What is ATAD3, and how will it affect your capability to get a bank account for your offshore company?

by Viktoria Soltesz, Founder PSP Angels

Let’s face it, no one likes to pay taxes.

Entrepreneurs often seek to lower their tax expenses by establishing offshore entities or outsourcing certain part of the operations to lower tax jurisdictions. By doing so, companies can be exempt not only from accounting and bookkeeping, but also from tax obligations.

The differences between countries in terms of regulatory and taxation practices via lawful and unlawful tax reduction methods have always been the interest of the global companies. However, the trend got more accurate with the globalisation and the increased usage of the internet to provide services to international markets.

Setting up an offshore entity in order to reduce tax costs was a classic case of the 80’s. The biggest accounting firms instantly specialised in tax planning and started to advise on the right setup. Their clients not only became the forefront users of the “offshore” loophole but actively looked for unique jurisdictions to further exploit various regulatory gaps. The once well-kept secret of the rich quickly became public knowledge when the Internet allowed more and more companies to offer their services worldwide. Companies discussed their tax treatment on the online forums and got hints and tips of their counterparts of how to eliminate supervisory checks and dues.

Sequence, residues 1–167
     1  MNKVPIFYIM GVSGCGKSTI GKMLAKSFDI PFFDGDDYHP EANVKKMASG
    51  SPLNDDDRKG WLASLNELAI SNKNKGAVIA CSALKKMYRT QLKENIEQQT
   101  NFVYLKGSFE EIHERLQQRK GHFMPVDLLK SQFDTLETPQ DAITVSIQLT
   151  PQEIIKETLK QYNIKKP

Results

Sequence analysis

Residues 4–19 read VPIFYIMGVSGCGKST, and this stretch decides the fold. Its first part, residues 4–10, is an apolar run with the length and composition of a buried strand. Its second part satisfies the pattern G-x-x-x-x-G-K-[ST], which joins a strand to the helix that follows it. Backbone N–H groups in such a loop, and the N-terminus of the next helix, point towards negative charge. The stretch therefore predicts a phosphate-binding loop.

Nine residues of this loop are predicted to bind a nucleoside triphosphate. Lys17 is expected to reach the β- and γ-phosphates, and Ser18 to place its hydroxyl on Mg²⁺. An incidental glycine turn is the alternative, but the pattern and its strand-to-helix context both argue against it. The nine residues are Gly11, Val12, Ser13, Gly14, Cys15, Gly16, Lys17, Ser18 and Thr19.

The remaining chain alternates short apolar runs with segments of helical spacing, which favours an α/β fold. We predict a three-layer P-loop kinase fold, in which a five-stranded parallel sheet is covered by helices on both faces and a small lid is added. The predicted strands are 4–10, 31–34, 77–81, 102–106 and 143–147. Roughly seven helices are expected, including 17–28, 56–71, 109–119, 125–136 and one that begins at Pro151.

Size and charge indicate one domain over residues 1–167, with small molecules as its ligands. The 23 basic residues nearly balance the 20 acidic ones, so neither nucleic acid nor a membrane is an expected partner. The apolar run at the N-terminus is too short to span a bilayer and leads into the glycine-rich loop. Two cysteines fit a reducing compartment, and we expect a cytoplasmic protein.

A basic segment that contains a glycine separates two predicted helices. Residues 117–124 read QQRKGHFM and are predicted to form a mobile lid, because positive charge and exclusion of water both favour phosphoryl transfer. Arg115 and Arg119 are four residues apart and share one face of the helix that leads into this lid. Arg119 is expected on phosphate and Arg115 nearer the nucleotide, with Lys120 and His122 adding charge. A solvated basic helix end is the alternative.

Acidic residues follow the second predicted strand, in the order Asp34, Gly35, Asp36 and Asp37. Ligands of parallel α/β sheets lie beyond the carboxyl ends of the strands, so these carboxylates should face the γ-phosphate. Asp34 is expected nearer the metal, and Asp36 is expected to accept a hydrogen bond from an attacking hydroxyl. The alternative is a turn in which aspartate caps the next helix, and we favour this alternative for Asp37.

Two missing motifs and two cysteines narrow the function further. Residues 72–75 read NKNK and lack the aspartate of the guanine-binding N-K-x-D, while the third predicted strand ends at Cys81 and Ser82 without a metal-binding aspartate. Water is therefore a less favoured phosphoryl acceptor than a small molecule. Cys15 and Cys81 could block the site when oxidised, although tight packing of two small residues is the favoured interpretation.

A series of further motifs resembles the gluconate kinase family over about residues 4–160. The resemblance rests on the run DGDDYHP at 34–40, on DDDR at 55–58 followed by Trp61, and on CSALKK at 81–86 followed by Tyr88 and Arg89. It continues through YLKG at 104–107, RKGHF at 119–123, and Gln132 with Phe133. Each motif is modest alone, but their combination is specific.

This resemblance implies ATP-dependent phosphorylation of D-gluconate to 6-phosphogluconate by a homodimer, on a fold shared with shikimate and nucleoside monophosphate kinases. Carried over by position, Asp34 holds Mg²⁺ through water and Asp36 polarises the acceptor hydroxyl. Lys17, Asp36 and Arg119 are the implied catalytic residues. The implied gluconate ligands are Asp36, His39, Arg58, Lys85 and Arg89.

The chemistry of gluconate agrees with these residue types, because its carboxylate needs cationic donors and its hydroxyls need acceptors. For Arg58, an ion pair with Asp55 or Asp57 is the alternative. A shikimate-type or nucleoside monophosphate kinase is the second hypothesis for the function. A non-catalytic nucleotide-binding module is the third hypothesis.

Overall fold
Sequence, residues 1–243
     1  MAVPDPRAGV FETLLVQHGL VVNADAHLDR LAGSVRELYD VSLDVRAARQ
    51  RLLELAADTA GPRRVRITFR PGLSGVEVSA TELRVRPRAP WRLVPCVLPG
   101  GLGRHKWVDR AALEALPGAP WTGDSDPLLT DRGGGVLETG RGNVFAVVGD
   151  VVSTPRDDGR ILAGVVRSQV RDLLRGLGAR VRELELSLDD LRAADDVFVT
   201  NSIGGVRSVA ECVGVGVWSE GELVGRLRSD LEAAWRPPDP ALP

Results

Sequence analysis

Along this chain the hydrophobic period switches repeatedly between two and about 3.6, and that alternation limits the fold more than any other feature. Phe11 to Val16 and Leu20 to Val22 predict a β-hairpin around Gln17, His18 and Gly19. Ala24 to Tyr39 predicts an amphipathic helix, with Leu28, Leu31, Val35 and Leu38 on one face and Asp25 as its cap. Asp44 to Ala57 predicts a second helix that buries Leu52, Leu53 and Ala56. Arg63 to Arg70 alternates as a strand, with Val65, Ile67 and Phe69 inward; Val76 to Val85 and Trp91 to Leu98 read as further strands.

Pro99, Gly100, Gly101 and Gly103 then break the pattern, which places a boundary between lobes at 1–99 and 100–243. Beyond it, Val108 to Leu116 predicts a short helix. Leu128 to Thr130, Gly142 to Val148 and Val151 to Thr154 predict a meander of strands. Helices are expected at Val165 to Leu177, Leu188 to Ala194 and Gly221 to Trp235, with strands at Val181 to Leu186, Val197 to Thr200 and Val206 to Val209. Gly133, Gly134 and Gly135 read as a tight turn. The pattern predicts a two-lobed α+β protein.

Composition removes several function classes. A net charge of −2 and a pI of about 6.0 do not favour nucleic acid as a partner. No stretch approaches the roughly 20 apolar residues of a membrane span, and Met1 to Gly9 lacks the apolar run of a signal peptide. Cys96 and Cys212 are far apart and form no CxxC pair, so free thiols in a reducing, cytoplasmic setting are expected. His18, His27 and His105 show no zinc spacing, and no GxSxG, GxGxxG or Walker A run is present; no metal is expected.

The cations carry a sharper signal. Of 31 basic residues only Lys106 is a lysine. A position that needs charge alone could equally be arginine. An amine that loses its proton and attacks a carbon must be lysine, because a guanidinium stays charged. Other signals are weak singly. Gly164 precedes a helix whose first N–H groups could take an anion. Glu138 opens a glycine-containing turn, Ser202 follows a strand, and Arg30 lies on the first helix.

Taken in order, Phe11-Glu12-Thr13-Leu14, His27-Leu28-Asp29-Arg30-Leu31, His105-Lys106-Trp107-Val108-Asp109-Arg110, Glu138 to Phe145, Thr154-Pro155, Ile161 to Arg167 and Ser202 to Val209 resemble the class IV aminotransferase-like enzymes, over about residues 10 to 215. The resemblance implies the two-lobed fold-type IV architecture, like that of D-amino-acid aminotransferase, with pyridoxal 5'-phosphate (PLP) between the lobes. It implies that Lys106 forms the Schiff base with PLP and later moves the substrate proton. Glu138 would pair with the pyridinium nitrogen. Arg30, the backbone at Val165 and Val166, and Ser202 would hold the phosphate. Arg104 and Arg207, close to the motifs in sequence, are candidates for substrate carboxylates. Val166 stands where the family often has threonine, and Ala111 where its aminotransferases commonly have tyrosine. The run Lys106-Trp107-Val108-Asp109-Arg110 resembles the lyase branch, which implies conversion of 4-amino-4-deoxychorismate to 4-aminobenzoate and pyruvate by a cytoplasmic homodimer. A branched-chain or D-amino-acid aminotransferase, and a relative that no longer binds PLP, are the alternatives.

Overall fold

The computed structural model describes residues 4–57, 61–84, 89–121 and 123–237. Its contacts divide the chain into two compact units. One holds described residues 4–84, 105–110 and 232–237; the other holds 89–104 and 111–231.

Being “local” expanded to “international” overnight and the regulatory and taxation framework can hardly keep up with the various creative ways of tax planning. Today even the smallest self-employed based companies can benefit about these unethical practises. Businesses targeting the global scale can not only take advantage of the different taxes but also the regulations.